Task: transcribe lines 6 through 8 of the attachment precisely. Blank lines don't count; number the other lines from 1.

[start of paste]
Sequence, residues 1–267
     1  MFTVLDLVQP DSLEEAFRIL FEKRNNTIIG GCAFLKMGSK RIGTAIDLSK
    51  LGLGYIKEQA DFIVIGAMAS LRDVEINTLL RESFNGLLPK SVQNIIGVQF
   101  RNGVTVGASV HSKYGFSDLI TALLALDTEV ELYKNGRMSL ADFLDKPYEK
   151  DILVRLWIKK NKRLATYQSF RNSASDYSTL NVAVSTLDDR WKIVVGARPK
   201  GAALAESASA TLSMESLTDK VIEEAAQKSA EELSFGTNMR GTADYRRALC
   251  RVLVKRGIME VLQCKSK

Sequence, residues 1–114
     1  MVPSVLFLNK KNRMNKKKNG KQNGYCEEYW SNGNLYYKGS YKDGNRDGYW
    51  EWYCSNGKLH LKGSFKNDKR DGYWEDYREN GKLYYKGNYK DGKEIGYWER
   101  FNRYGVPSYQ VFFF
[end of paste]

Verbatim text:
   201  GAALAESASA TLSMESLTDK VIEEAAQKSA EELSFGTNMR GTADYRRALC
   251  RVLVKRGIME VLQCKSK

Sequence, residues 1–114